One of the most often repeated pieces of moving advice is “If you don’t need it, don’t move with it.” This principle applies to more than just clothes you no longer wear, books you won’t ever read, and decor you never display.
When you prepare for an office relocation, it’s also important to consider reducing your inventory, consolidating your records, and disposing of any unusable equipment.
In this blog, we cover one of the trickiest forms of office relocation waste: used electronics or e-waste. We discuss some of the most common forms of disposal and what you should do to prepare your electronics beforehand.
Common E-Waste Disposal Options
You have a number of options when it comes to getting rid of outdated or unneeded electronic devices. Common resources available to business owners you need to unload e-waste include the following:
- Buyback programs – Some companies, such as Staples and Best Buy, offer buyback programs for a range of electronics. Most of these organizations accept devices regardless of where you bought them, but check company policies before bringing in all your old computers.
- Donation – If your equipment still functions as it should and your business just needs an upgrade, consider donation. Donating your electronics keeps them out of a landfill and can benefit programming students, lower-income families, and local charities.
- Manufacturer takeback – Manufacturers like Apple, Dell, and more offer takeback programs for defunct electronics. These programs don’t usually pay or cost anything, they simply ensure your e-waste gets recycled.
- Recycling – Recycling offers one of the most responsible and sustainable options for e-waste disposal. Look for a national or local recycling facility willing to take your items. Before you move your electronics, double-check the capabilities of your chosen recycler. Some e-waste facilities can only take cell phones and similar devices.
- Reselling – If you own all your current e-waste free and clear, you may have the option to resell certain items to help finance your move or new electronics purchases. However, if you have any questions about item ownership, consult with legal counsel before trying to sell commercial e-waste.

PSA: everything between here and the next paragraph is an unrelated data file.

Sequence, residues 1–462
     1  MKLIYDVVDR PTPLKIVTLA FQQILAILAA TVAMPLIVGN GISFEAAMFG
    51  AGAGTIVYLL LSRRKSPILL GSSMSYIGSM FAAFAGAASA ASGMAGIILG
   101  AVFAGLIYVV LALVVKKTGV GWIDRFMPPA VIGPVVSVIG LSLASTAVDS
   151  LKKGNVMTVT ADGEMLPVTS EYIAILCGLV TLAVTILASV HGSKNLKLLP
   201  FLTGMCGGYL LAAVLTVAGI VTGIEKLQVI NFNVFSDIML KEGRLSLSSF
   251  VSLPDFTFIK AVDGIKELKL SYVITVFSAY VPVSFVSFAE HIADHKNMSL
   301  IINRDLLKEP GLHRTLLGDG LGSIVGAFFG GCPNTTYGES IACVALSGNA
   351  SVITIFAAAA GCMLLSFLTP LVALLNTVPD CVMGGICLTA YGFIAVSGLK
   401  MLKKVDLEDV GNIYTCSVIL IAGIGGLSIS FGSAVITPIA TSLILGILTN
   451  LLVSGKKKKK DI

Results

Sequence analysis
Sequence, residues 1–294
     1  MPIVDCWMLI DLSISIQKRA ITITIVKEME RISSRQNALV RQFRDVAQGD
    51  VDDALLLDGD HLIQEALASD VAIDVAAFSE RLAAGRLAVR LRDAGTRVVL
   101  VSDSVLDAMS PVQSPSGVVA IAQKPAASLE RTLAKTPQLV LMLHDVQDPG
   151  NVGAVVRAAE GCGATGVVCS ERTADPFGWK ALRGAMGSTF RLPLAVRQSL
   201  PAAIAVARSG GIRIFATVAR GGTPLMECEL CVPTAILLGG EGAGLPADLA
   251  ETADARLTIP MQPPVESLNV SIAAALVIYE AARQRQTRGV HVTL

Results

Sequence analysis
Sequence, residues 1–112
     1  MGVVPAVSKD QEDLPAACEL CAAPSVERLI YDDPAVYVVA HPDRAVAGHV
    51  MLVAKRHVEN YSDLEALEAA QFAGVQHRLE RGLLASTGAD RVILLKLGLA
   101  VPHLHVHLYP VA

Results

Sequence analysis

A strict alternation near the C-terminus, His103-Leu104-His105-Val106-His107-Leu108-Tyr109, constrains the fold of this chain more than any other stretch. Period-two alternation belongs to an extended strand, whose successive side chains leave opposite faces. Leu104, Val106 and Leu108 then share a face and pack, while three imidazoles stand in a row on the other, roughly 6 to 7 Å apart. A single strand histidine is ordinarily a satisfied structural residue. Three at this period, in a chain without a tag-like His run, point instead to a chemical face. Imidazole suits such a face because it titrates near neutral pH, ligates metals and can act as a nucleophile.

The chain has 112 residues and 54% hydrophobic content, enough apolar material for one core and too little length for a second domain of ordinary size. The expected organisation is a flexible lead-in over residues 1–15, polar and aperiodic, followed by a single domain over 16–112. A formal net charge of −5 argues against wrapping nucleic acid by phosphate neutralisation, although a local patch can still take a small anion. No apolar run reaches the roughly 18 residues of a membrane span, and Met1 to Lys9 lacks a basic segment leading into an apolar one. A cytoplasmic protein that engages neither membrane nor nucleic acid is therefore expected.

As you determine which option works best for you, keep your ownership status and local regulations in mind. For example, you cannot resell a device that belongs to your company for individual profit. And for some specialty electronics, such as machinery operating devices, you may not have all of these options.
Essential Preparatory Steps Before Disposal
Regardless of which disposal method you use, you must first take some steps to ensure the process goes as smoothly as possible. Take the following measures:
- Collect and inventory all of your e-waste. If possible, come up with an estimated value of the included equipment.
- Pair all matching equipment together for takeback or donation. If it’s possible your device will be re-used, include all the parts you have including cords, mice and keyboards, remotes, external memory devices, etc.
- Separate removable pieces that have different recycling procedures. Some electrical components require different recycling practices so remove batteries, light bulbs, and ink cartridges before turning in your devices.
- Wipe any memory cards and hard drives. Protect your interests by removing any and all sensitive information from your electronics, including records, employee resources, and company messages.
During the preparatory process, check with the recipient of your e-waste. The organization may ask you to comply with other guidelines not found here. For example, a recycler may restrict the kind of containers you can use to transport your e-waste. Check in advance to avoid any hold-ups.
Don’t let aging computers slow your business down in your newest location. Use the information listed above to clear the way for newer, faster equipment that will benefit you, your customers, and your employees.